So even if Nielsen and Macromedia succeed in making rich media best practices 100 percent “good” (Macromedia press release, June 3, 2002), or even if someone comes along with the killer app for IA work, it still won’t matter much if designers and IAs don’t understand the medium or how best to solve the problem.

We have a responsibility to kick things back—to our bosses, to our clients, to our colleagues—when the recommendation to use a certain tool or technology just because it is there doesn’t fit the needs of the task, whether that task is designing a solution or implementing a solution. We have a responsibility to be smart problem-solvers and use the one tool that we all have—our brains.

(Over)simple Answers for Simple Minds

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Hell hath no fury as those who’ve been attacking Jakob Nielsen on various user experience-related mailing lists in recent weeks over his decision to work with Macromedia on Flash-related usability issues after nearly two years of declaring “Flash 99 percent bad.” He’s being called a sell out, a hypocrite. The list goes on.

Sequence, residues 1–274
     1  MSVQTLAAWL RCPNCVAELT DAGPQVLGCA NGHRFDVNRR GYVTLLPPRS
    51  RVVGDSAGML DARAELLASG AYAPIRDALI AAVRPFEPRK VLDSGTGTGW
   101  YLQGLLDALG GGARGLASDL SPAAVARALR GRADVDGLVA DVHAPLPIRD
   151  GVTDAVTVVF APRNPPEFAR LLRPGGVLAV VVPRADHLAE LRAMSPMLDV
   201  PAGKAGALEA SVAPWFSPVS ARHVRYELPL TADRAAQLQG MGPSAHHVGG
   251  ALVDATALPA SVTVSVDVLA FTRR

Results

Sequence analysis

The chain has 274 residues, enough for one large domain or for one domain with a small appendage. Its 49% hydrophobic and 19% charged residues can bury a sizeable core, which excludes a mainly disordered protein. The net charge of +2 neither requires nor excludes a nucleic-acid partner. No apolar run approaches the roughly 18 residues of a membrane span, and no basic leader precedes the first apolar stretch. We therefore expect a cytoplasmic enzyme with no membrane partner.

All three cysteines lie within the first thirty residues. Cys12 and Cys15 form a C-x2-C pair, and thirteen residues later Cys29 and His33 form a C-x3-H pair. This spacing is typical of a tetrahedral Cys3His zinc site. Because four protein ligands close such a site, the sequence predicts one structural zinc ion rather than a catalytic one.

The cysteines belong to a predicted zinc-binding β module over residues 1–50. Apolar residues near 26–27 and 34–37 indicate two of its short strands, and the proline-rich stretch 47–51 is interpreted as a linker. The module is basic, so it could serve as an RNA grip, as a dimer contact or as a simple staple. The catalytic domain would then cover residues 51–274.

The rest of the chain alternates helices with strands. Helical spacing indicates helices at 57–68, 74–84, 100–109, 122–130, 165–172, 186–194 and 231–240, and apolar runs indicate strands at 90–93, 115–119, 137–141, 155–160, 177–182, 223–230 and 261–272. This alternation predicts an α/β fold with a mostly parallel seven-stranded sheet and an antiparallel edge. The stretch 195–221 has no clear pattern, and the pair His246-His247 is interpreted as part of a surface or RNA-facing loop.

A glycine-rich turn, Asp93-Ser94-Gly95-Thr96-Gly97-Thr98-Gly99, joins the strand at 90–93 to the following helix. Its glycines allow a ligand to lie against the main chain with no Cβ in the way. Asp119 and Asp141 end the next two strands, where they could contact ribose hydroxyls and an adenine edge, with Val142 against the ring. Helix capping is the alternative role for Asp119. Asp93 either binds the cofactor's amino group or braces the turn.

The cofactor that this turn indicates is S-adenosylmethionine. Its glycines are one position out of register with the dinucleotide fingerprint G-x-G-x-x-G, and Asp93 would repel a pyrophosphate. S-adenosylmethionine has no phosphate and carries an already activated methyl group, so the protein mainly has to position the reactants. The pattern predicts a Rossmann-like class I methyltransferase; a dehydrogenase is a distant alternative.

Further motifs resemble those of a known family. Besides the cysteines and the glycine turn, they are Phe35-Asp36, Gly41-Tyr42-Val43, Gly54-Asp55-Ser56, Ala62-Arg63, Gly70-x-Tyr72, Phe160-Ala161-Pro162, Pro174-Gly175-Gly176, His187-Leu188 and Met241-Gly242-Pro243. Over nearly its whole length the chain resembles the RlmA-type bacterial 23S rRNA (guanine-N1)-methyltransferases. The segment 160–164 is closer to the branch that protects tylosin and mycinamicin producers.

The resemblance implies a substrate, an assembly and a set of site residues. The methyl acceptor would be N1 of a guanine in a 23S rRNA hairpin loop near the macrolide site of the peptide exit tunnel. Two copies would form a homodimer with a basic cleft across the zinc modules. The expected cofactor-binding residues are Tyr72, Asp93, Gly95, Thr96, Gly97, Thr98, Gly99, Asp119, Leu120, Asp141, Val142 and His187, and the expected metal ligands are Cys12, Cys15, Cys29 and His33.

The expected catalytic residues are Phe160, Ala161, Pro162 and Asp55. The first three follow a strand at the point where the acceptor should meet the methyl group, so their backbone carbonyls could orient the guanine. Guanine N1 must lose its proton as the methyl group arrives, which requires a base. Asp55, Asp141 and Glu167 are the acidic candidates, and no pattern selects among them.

Part of me feels for Nielsen. After all, the pressures and temptations to provide simple answers to complex issues is one we all face in our professional practices. Even if you’re not a high-profile guru, you’re probably facing the similar pressures to come up with quick and easy answers to Big Gnarly Problems.

Let’s face it, if Nielsen had said “Flash is 50 percent bad” he wouldn’t be getting beaten up as much as he is—but no one would’ve paid as much attention to his original article either. I’ve spoken at a number of conferences and the more provocative you are the more audiences tend to listen. Plus being a pundit can cause a subtle feedback-loop that causes you to think your way is the best way for everyone—being known for a particular approach attracts clients with agree with your view and drives away others whose problems don’t fit your approach.